Browne is an interesting troubadour. He is a virtuoso on guitar, banjo, mandolin, harmonica and fiddle. On his latest album he mixes soul and R&B tunes with older blues and spirituals. In lesser hands it would make for an album with too many disparate sounds to ever be seen as a cohesive musical document. Browne accomplishes this by stripping the modern songs down to their acoustic bare bones, and then putting just enough flesh on those bones to make them tasty. The end result is a group of songs that thematically and stylistically make for a piece of whole cloth, connecting our present with our past, into a tapestry that tells a very human story. It’s also a damn good time.
Browne is an interesting artist. Quiet, unassuming, with a tongue-in-cheek low-key sense of humor you might not peg him as a musician who has performed on stages around the world. But he has been doing just that for years, as a solo artist and as a right hand man for blues man Eric Bibb. He seems more like a suburban middle-aged father who might just be your next door neighbor. No swagger, no cooler-than-thou attitude. The word humility comes to mind. He’s also very funny.
"This record is perhaps a bit more diverse stylistically than some of the country blues things I’ve been doing more recently. But I have recorded records that are a little more eclectic. I have a country soul record I made about ten years ago,” Browne says.
Born in Indiana, Browne’s parents moved to Montreal the following year, where he has lived ever since. He tours Canada and British Columbia regularly, as well as playing the UK and European blues festivals. His knowledge of blues, spirituals, and gospel is vast. He is a sort of walking Smithsonian exhibit, and the kind of artist we need lest we lose sight of our connection to our historical roots.
This time out Browne mixes an interesting assortment of covers from the likes of Randy Newman, Stevie Wonder, and Bobby “Blue” Bland, Al Green and Sam Cooke with a fresh batch of original material. The emphasis is on fun and it pays off for the listener.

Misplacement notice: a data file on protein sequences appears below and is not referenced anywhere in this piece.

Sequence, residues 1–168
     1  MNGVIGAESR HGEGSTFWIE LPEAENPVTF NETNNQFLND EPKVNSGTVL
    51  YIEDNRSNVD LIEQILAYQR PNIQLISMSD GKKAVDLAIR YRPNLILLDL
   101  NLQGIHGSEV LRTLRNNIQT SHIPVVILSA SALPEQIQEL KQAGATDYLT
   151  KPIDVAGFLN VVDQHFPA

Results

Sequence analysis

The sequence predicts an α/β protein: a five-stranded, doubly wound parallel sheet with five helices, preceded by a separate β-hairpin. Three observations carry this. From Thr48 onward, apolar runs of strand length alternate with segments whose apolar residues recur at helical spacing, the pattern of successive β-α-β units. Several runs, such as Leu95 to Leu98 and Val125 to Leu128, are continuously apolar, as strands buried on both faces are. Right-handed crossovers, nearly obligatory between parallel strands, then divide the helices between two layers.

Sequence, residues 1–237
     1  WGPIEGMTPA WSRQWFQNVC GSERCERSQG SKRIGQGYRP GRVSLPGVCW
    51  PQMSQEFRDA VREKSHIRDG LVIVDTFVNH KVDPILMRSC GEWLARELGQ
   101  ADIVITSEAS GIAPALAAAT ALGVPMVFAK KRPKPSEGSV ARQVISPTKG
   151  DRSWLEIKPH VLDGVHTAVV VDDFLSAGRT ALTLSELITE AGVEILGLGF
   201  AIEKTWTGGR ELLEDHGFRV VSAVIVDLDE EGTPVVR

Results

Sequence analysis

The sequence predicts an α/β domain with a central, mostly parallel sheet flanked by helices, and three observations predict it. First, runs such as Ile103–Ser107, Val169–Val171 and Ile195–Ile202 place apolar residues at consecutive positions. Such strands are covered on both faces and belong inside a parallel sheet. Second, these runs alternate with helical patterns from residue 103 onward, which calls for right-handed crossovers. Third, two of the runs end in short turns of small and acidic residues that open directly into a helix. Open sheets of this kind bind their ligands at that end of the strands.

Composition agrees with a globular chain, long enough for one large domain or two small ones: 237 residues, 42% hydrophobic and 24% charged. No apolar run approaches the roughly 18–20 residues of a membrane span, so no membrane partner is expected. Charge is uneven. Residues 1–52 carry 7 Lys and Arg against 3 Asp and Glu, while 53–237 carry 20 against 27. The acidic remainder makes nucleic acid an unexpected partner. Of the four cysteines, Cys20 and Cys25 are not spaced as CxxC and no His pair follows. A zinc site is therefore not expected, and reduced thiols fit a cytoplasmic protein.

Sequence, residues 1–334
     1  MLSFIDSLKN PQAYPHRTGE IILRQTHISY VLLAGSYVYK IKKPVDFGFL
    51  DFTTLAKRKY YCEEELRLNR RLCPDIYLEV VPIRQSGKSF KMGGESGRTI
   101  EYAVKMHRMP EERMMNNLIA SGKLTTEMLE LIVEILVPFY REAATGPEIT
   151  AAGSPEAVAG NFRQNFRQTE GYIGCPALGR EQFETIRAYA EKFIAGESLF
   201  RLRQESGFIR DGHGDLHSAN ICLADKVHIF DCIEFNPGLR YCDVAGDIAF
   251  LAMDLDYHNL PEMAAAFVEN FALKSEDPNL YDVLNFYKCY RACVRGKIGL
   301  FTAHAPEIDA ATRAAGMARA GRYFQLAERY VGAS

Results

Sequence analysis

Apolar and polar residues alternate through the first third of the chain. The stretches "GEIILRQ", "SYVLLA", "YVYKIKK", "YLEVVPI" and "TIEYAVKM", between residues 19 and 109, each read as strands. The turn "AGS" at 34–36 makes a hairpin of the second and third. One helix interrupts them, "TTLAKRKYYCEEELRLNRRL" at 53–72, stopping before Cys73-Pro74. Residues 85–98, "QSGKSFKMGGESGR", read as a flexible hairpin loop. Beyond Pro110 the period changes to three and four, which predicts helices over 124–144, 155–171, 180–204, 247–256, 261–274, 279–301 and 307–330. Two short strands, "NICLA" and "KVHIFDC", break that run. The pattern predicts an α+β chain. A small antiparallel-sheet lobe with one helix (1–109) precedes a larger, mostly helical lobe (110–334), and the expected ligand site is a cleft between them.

Browne’s guitar playing is, as always, stellar, and on this record, downright funky at times. Starting with the opening track, “Don’t Ask Me Why,” Browne uses the instrumental to show us just how funky an acoustic guitar can be. The song radiates the joy Browne finds in playing.
The funk-o-meter gets turned all the way up on “Skeletons,” a Stevie Wonder number that resonates with its take on dishonesty. Set against a punchy drum beat, Browne’s picking pops with energy and attitude. “Pharaoh” is the first of two fine collaborations with Harrison Kennedy, their voices blending on a blues moan about the drowning of Pharaoh’s army.
“Everybody Ought to Treat a Stranger Right” is a wonderful duet with Eric Bibb that continues the themes of Bibb’s Grammy nominated Migration Blues album. “Remember When” is a ballad that lauds enduring love. Written with Browne’s long-time partner, B.A. Markus, the song is poignant, observing love and relationship as it travels the distance through the different phases of life.
Harrison Kennedy returns on “That’s the Way Love Is,” the two men reflecting on the fickle nature of loving, and the tenuous grasp the human heart has on hope. Browne should consider an album of collaborations with Kennedy, they seem to have an easy chemistry that exudes a natural grace and warmth.
Al Green and Randy Newman are represented with covers of “Here I Am (Come and Take Me) and “Louisiana 1927,” both performed with skill and respect.
The album closes with a reprise of “Pharaoh.” Performed solo on a gourd banjo, this take feels like a field recording from days gone by. As the closing track, it reminds us that all that we enjoy now was built from dust and sweat, and hard work. The music we have come to love started with roots down deep in the soil and in the tribulations of simple, honest working men and women.
Browne connects these roots to our modern day pop music with a sensibility that makes it seem only natural that we should view them as part of a wide river of song. Perhaps his greatest gift is that he sees the whole picture, the panorama. Perhaps he knows that we are more connected than we realize, and he needs to point the way. In these divisive days we need that revelation more than ever.